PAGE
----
Posted by Barney on October 21, 2002
In Reply to: Re: I see you stand as a greyhound in the slips posted by ESC on October 21, 2002
: : I believe this refers to coursing hounds. Greyhound were favored in coursing stag, hare etc. Special collars were used to release the hounds when the game was sighted. (the use of these collars can still be seen at lure coursing trials where Greyhounds and related breeds do simulated coursing as they course a plastic bag instead of a hare). These collars, also refered to as "slip-collars" or "slips" fall quickly off of the dogs neck by use of a special release design so that the dogs have an instantaneous get-away with out having to pull the collar off over their heads (too slow) or running with a collar on (too dangerous). The phrase refers to the excitment of the dogs as they wait to be slipped (released). So that person would be eagerly anticipating action and be excited while contained, perhaps vibrating with anticipation.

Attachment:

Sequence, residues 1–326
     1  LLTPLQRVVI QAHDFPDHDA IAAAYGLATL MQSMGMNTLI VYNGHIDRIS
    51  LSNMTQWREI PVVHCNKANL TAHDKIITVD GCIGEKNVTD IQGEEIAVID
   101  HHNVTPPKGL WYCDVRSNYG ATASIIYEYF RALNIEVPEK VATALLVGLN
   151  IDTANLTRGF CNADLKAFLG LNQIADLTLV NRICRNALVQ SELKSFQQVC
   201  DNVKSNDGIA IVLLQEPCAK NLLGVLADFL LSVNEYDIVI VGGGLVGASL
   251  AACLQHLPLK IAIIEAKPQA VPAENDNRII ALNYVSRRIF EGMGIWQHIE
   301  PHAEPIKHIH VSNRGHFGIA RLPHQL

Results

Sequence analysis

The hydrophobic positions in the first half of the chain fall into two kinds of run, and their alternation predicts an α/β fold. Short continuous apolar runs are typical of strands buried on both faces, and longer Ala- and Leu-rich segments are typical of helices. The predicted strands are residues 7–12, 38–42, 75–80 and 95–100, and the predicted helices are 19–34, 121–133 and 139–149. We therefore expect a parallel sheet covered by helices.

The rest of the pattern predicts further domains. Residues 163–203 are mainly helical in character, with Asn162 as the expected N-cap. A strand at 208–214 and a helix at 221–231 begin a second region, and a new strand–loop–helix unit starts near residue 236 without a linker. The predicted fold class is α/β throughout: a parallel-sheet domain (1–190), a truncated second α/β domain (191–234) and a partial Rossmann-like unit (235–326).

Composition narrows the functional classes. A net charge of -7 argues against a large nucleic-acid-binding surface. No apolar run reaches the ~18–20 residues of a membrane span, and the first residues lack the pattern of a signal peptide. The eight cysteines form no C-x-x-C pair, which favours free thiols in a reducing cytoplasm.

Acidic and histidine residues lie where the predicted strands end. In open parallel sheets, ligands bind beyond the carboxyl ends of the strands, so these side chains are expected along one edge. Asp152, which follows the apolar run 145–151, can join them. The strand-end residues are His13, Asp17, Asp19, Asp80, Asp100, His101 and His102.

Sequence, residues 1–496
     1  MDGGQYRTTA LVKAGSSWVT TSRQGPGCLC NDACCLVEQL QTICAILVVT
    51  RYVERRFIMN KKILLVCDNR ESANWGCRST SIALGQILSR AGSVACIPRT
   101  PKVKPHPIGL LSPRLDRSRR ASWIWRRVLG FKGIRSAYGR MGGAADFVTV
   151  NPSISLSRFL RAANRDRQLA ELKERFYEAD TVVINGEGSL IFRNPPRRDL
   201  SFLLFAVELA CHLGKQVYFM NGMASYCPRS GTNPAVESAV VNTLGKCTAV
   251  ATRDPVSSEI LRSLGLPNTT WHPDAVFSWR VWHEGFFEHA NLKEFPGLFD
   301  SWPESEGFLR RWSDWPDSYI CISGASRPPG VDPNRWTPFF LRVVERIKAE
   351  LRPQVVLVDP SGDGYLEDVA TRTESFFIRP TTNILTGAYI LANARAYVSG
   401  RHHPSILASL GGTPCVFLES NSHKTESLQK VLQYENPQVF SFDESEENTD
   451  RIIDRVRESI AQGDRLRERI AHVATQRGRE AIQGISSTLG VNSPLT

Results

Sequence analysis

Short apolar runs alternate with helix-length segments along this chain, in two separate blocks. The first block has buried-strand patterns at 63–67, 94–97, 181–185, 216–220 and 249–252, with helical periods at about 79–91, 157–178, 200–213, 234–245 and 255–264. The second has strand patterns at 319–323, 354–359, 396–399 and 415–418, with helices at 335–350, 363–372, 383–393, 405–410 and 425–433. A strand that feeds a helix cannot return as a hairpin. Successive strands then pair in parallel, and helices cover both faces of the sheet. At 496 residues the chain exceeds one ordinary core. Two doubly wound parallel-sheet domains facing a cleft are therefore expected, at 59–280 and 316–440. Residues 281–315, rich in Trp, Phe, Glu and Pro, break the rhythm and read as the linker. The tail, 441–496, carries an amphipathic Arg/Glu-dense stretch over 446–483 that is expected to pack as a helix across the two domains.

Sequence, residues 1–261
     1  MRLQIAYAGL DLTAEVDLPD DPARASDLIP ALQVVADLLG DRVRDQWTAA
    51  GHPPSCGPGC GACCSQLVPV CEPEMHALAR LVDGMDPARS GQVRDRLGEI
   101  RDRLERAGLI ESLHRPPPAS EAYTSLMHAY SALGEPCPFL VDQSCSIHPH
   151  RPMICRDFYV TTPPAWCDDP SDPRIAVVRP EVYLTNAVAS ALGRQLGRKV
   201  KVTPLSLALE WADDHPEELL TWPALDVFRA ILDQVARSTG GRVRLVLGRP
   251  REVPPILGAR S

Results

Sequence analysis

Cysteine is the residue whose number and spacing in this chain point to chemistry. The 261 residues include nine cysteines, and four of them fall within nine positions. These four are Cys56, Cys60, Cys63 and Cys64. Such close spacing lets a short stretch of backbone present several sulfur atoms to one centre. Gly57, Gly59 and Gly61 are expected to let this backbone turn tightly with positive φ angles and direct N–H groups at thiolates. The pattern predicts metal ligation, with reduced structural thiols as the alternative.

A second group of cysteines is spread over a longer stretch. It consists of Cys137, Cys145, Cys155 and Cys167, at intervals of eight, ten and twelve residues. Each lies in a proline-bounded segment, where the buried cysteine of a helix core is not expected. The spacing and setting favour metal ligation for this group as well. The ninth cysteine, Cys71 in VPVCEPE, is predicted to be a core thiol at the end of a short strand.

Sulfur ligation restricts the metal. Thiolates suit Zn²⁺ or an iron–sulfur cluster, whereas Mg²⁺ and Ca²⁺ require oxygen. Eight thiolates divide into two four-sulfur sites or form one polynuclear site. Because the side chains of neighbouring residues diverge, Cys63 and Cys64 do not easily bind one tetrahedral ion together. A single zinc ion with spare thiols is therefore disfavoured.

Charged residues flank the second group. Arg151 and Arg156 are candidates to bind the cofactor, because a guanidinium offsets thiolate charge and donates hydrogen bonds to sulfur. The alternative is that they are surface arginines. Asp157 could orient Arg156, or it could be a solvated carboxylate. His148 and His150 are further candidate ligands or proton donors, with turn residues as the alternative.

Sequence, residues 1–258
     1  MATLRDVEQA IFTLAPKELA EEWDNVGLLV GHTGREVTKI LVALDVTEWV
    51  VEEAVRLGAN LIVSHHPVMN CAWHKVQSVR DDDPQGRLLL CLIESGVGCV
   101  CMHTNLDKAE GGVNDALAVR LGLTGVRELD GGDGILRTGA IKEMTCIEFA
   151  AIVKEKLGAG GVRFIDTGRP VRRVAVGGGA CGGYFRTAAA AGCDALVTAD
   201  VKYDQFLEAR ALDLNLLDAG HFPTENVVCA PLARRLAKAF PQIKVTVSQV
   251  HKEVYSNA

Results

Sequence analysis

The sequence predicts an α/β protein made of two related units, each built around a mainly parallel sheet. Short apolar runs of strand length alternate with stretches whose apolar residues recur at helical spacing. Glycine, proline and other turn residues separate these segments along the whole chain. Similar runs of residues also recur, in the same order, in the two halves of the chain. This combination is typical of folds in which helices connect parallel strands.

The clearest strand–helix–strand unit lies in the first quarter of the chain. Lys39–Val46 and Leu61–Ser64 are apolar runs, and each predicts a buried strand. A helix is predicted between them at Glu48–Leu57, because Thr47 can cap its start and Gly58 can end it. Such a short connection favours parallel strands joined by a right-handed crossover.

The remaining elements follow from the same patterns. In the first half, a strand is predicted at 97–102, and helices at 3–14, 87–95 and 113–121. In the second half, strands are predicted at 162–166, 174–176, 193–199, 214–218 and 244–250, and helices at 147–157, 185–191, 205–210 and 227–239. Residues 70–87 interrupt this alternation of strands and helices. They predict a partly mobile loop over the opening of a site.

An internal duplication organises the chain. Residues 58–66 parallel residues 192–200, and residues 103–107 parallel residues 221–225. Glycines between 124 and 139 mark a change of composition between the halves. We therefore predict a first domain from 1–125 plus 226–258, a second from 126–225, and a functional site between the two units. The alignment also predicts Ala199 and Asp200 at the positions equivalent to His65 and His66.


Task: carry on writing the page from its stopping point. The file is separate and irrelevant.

: Interesting phrase.
"I see you stand
like greyhounds in the slips,
Straining upon the start. The game's afoot!
Follow your spirit! And upon this charge
Cry `God for Harry! England! and St. George.' "
Shakespeare: Henry V., iii. 1.